An angler's journal

An angler's journal

Monday, 29 June 2015

When being there's enough

I have to be honest, it's probably been the slowest start to a river season that I can remember. My opening three sessions have only seen me snare a chub and an eel while the barbel have been elusive, well at least for me they have.

One of the bream to find its way to the bank
It was time for a change of scenery so I arrived on the banks of lower Severn at around 4.30pm. I settled into my chosen swim and set about putting some feed into the swim via a baitdropper. I then proceeded to fish a swimfeeder over the top with another isolated bait further downstream, my usual tactics on the lower. A strong upstream wind was causing sizeable waves but I could still see the odd fish topping. After 90 minutes my first bite arrived, a skimmer bream of about a pound. By now better fish were topping but identifying the culprits was tough due to the waves. I suspected bream so it was no surprise when a better bream found it's way to the bank. At about 4lb it put a decent bend into the rod. A few more quickly followed and I saw a barbel break surface not too far away when suddenly the wind vanished. The waves dispersed and gave way to a mirror like surface. The early evening sky was clear and already the moon was visible casting its reflection on the slow moving current.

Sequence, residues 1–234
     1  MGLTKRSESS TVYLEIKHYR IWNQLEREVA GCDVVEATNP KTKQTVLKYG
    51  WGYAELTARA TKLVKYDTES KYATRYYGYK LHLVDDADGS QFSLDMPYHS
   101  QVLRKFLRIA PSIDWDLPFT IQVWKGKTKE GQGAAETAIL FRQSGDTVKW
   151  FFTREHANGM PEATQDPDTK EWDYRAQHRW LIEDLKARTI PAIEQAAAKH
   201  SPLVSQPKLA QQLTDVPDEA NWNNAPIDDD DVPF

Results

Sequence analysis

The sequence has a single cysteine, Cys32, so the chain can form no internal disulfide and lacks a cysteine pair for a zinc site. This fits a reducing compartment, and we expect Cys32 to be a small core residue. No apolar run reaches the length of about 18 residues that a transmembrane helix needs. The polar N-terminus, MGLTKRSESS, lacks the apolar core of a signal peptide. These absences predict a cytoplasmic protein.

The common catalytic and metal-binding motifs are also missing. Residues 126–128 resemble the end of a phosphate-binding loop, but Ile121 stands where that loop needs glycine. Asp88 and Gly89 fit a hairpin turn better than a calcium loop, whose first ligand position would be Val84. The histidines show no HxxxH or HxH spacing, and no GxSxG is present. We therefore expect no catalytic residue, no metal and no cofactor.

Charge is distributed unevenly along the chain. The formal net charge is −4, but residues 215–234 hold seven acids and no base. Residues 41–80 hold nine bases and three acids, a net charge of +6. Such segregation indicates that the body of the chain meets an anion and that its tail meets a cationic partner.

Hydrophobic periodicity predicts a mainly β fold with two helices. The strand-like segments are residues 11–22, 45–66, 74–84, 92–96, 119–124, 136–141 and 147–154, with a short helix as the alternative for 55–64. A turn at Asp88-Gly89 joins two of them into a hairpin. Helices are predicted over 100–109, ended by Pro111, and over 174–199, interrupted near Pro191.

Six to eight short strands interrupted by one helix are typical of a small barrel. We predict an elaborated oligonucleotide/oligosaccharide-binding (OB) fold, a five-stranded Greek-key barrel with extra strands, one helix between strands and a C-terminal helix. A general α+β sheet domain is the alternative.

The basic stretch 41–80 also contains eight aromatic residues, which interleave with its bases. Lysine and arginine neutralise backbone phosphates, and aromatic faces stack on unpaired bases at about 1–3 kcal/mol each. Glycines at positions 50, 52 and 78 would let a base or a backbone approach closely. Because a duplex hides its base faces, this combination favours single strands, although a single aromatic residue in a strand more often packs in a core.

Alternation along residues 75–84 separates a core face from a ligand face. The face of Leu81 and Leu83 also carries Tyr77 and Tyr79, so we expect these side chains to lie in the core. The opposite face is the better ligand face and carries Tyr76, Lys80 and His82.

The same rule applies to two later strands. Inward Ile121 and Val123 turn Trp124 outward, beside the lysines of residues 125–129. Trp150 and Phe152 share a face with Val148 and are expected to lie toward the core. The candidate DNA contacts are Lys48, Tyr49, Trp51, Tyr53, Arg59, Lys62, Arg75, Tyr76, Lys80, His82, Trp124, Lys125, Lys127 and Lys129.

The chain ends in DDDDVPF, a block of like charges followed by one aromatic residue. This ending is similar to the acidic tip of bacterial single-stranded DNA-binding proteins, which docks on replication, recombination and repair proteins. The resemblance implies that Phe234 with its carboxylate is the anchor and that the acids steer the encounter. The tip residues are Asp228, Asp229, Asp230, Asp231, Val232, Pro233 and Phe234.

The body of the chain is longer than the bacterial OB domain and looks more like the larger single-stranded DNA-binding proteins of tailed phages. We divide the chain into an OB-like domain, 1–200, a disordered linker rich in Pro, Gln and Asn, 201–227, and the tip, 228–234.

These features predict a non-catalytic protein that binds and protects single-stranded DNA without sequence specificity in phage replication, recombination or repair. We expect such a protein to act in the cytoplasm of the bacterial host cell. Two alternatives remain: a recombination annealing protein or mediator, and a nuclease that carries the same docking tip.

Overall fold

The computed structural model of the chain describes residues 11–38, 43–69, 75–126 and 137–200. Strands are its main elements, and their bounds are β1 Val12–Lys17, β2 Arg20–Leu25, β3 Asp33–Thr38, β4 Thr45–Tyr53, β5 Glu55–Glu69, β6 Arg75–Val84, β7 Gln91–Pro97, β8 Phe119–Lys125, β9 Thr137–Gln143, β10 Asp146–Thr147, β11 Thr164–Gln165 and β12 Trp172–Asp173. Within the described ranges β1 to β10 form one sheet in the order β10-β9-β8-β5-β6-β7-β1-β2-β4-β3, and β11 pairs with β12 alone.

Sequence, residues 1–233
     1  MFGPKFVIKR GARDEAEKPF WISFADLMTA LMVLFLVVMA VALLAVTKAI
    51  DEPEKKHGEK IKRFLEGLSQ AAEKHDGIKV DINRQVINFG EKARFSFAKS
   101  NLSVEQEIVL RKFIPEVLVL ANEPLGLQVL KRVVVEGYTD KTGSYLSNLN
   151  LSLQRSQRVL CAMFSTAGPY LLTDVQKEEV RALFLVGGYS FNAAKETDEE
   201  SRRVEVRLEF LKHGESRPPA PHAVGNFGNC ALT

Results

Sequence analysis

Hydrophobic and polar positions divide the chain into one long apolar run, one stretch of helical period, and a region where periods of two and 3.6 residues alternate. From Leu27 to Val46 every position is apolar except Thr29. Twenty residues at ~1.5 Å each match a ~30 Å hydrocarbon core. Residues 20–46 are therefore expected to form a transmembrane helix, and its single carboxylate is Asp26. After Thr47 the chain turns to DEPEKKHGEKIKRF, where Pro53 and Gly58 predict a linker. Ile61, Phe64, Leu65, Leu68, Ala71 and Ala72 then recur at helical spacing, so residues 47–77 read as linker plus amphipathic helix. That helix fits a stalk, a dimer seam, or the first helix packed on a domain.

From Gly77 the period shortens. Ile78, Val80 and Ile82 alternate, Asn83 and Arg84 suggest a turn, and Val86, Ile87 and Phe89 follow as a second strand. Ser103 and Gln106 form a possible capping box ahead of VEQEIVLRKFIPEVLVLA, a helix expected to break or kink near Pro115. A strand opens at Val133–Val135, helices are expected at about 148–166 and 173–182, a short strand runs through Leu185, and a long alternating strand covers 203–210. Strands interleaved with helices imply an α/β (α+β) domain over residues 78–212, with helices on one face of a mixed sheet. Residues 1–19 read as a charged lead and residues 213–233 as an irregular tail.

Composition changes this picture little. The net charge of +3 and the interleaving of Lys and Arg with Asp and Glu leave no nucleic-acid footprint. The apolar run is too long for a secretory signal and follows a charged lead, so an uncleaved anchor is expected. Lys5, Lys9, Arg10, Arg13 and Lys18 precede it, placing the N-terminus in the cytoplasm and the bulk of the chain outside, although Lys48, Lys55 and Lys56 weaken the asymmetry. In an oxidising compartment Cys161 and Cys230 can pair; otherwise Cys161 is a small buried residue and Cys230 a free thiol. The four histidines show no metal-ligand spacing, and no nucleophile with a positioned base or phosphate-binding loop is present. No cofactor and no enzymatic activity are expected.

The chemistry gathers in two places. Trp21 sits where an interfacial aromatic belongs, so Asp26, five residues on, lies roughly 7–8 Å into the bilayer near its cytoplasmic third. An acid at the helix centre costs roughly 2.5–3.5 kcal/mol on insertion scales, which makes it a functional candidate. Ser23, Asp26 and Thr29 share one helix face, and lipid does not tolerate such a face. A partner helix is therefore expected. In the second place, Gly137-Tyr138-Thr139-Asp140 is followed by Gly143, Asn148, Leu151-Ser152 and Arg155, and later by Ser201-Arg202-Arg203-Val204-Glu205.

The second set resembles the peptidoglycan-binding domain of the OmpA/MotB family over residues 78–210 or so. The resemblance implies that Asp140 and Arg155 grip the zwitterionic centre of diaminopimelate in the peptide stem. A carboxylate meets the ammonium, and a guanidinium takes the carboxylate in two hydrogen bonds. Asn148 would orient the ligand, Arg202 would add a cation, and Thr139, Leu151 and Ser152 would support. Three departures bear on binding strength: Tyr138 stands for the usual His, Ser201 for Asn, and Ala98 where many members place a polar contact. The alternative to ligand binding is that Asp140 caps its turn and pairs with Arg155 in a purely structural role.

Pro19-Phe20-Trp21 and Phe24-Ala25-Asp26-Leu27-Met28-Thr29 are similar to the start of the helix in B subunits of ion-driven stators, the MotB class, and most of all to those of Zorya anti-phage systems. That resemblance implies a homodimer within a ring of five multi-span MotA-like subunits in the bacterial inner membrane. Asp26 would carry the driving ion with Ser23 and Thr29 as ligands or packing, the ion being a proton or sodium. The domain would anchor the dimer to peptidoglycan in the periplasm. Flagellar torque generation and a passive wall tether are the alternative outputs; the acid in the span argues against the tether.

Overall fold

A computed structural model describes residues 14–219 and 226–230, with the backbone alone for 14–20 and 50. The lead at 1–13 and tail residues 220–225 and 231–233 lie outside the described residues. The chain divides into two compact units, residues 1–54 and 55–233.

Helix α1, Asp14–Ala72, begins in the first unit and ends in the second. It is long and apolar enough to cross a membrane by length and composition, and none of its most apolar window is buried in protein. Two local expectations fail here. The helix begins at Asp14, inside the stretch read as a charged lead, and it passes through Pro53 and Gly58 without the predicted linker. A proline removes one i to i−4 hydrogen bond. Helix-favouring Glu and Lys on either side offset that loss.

Although the small fish continued to break surface the larger specimens were giving no clues as to their whereabouts in the new found conditions. The rods became montionless and my attentions turned elsewhere. Beyond the far bank, I caught sight of a white coloured bird in the distance. As it came closer, my initial thoughts were confirmed as a prowling barn owl scanned the bankside undergrowth. It then turned and headed across river right towards me before staring me straight in the face before continuing on its travels. Soon after, it returned with its mission accomplished as a rodent of some description hung helplessly from its talons. I then saw a strange looking insect fly by in a distinctive upright position. It was very fairy like in its appearance and I recall thinking how our ancestors might have mistaken such an insect for the mythical creatures of English folklore. I have since tried to discover what species I observed but can find nothing so if anyone has any ideas then please let me know.

The lack of anymore fish action was obviously not part of the plan but I wasn't disappointed. How could I be given my close encounters with the best British countryside has to offer? Whilst the priority of an angler is catching a fish, a close second is enjoying the moment. Being the only person on the river at that magical moment as day turns night is something I never tire of.

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